http://www.cascadiaforestalliance.org/imgs/freepitch.jpg Pitch, Emma Murphy-Ellis, 19, was released from her four month sentence in the work release program. She was arrested during the campaign to save Eagle Creek last summer. Activists put pressure on Judge John Jeldreks to release her early, with a post card campaign. The Judge at one point said he wanted to commute her sentence to time served, but the prosecuter, Bob Ross, would not allow Jeldreks to commute here sentence to time served.
Pitch was first at the Eagle Creek in the Summer of 2000. Her and 3 other women were arrested for blocking the two access points to the Eagle timber sale. Her charges were dropped since she was only 17 at the time. The other 3 women were eached sentenced to the YWCA for a month, along with fines.
In the Summer of 2001, logging equipment was brought to the timber slae for the first time in a year or so. Activists had been ready and about 40 activists sat, stood, and did cartwheels in the road to prevent the equipment from entering the sale area to clear spur (small access) roads. If you looked at each individual seperately in the blockade no one of course was single handedly blocking the road. However the U.S. Forest Service gave Pitch 4 citations. She was the only person in the blockade to be cited.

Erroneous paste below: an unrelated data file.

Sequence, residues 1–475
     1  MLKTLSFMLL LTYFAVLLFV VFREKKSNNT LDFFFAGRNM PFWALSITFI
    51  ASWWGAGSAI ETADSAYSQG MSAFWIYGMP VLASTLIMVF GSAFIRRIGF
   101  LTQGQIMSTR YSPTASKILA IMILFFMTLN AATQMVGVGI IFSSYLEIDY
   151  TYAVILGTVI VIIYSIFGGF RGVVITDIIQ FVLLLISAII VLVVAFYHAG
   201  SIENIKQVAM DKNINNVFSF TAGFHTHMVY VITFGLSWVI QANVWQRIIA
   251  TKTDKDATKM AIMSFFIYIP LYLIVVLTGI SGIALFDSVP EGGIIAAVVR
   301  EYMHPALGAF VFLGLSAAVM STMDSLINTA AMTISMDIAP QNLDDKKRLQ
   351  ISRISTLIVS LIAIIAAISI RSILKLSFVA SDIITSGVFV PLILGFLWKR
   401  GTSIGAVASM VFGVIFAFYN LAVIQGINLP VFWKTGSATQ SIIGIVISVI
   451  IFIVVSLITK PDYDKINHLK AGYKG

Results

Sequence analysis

Since then the Eagle Creek timber sale has been cancelled, while Pitch was locked up, and activists still could not win her early release. It is unfortunate that people need to stick their necks out to protect the native forests in Oregon. She greatly deserves our gratitude. A great way to do that is to get involved in forest activism. To find out more on how to get involved visit the Portland IMC forest activism page or the Cascadia Forest Alliance webpage.